EU law targets social media giants over hate speech, disinformation

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The tentative agreement was reached between the EU parliament and the bloc’s member states. It still needs to be officially rubber-stamped by those institutions, which is expected after summer but should pose no political problem. The rules then won’t start applying until 15 months after that approval, or January 1, 2024, whichever is later.

“The DSA is nothing short of a paradigm shift in tech regulation. It’s the first major attempt to set rules and standards for algorithmic systems in digital media markets,” said Ben Scott, a former tech policy advisor to Hillary Clinton who’s now executive director of advocacy group Reset.

The need to regulate big tech more effectively came into sharper focus after the 2016 US presidential election, when Russia used social media platforms to try to influence voters. Tech companies like Facebook and Twitter promised to crack down on disinformation, but the problems have only worsened. During the pandemic, health misinformation blossomed and again the companies were slow to act, cracking down after years of allowing anti-vaccine falsehoods to thrive on their platforms.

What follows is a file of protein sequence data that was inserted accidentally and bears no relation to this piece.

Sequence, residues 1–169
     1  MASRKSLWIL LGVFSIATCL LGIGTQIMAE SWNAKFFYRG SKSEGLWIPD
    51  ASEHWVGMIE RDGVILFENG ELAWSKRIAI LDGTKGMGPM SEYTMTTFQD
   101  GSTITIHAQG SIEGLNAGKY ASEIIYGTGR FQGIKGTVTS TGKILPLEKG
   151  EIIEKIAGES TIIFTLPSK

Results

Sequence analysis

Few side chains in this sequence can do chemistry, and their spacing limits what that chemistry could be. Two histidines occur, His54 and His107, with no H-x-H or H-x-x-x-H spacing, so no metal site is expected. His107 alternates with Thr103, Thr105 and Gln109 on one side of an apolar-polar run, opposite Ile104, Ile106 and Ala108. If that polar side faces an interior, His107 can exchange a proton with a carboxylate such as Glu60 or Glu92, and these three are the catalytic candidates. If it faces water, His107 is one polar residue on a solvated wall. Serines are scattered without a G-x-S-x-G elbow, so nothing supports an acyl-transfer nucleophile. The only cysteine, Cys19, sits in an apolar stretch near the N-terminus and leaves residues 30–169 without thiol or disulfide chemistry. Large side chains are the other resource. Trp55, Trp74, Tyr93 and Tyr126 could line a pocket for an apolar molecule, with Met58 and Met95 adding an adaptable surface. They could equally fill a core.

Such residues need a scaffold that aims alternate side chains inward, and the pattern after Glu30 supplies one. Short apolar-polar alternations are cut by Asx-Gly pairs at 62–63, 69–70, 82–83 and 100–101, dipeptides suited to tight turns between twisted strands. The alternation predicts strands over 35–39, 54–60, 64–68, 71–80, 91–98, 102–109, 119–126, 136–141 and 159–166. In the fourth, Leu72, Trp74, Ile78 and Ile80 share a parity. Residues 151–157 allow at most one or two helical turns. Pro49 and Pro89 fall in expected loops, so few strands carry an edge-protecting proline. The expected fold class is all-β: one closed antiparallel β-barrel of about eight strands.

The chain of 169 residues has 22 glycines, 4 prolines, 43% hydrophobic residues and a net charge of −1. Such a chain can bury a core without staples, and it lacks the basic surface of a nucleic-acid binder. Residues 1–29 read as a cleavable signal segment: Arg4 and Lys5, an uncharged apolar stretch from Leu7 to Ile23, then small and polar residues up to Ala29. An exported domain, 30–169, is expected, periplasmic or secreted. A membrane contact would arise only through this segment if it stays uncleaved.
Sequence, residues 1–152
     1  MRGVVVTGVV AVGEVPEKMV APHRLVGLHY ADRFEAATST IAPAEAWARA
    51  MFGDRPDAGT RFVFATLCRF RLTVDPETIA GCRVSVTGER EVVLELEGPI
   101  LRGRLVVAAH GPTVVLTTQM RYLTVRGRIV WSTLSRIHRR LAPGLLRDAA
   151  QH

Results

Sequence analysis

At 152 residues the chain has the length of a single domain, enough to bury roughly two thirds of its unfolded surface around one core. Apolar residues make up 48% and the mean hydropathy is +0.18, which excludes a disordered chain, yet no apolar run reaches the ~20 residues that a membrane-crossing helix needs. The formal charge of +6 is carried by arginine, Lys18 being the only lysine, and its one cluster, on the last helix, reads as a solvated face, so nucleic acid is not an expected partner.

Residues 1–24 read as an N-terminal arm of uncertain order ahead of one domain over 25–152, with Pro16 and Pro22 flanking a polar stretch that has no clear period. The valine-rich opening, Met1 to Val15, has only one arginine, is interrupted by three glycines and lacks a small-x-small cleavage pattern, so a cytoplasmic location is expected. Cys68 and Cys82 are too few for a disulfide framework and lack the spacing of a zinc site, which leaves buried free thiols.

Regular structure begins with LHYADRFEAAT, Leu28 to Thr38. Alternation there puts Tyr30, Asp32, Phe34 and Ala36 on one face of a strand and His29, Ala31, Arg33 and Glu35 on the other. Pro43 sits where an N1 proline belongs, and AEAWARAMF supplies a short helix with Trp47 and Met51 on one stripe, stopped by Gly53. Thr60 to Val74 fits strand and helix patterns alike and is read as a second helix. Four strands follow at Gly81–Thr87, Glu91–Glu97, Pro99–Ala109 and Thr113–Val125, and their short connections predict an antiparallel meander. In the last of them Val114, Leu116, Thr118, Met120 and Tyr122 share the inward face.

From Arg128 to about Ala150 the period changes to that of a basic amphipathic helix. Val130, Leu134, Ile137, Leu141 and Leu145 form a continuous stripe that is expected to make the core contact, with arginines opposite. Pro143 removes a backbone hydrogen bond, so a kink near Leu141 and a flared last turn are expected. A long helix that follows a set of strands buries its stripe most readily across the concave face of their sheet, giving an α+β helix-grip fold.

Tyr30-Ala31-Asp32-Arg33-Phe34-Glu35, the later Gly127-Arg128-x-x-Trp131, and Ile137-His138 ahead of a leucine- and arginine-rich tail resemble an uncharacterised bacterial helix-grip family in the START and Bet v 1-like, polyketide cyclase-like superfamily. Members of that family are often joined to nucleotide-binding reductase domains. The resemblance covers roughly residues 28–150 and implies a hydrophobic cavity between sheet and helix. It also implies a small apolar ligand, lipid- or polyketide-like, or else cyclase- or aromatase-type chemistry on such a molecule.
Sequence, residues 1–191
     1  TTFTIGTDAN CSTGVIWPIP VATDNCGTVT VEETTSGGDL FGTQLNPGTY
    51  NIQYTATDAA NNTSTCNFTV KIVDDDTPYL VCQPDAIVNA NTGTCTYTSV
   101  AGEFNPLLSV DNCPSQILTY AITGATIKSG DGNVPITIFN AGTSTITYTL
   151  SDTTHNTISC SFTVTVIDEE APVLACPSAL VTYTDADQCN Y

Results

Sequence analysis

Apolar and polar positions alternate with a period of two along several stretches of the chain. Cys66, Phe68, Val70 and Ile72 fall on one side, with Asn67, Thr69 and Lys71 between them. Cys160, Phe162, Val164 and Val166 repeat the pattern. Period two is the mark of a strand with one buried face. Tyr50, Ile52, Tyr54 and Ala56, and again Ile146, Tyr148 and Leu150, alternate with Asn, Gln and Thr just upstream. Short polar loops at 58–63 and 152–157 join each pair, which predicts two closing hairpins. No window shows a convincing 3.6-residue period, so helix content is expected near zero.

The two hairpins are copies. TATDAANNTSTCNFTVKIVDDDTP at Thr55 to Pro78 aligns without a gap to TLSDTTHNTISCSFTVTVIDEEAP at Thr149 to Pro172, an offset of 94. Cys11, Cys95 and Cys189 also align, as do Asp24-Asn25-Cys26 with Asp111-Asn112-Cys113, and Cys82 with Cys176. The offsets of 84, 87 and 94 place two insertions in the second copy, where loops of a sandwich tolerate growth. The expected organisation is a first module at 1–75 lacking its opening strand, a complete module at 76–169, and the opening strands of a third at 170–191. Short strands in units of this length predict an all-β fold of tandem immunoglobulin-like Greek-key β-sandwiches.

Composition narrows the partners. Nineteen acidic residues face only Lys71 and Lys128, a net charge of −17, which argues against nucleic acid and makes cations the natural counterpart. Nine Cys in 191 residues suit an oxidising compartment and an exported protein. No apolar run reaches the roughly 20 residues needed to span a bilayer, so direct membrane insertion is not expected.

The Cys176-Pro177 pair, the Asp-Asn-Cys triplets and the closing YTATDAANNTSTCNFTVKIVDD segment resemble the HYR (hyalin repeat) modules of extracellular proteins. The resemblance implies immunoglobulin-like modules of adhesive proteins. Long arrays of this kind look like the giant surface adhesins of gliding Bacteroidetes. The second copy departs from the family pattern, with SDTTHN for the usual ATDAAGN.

Under the EU law, governments would be able to ask companies take down a wide range of content that would be deemed illegal, including material that promotes terrorism, child sexual abuse, hate speech and commercial scams. Social media platforms like Facebook and Twitter would have to give users tools to flag such content in an “easy and effective way” so that it can be swiftly removed. Online marketplaces like Amazon would have to do the same for dodgy products, such as counterfeit sneakers or unsafe toys.

Twitter said it would review the rules “in detail” and that it supports “smart, forward thinking regulation that balances the need to tackle online harm with protecting the open internet”.

TikTok said it awaits the act’s full details but “we support its aim to harmonise the approach to online content issues and welcome the DSA’s focus on transparency as a means to show accountability.”

Google said it looks forward to “working with policymakers to get the remaining technical details right to ensure the law works for everyone.”

Amazon referred to a blog post from last year that said it welcomed measures that enhance trust in online services. Facebook didn’t respond to a request for comment.

The Digital Services Act bans ads targeted at minors, as well as ads based on users’ gender, ethnicity or sexual orientation. It also bans deceptive techniques companies use to nudge people into doing things they didn’t intend to, such as signing up for services that are easy to opt into, but hard to decline.

The EU reached a separate agreement last month on its Digital Markets Act, a law aimed at reining in the market power of tech giants and making them treat smaller rivals fairly.



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